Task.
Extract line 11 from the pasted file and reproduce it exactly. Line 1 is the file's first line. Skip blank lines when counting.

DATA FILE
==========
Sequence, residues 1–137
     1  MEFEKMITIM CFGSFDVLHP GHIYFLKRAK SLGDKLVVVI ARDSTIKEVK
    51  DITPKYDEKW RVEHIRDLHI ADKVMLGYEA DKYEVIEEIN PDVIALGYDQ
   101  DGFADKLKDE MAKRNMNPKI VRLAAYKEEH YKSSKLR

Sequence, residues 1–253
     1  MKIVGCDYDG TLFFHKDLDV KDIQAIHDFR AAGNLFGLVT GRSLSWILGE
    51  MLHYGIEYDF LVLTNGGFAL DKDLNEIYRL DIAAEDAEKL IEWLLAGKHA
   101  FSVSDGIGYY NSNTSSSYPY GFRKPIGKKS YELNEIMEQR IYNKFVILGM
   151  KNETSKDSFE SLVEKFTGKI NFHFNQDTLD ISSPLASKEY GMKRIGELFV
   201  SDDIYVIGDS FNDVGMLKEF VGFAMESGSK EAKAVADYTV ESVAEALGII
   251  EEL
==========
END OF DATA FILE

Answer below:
   251  EEL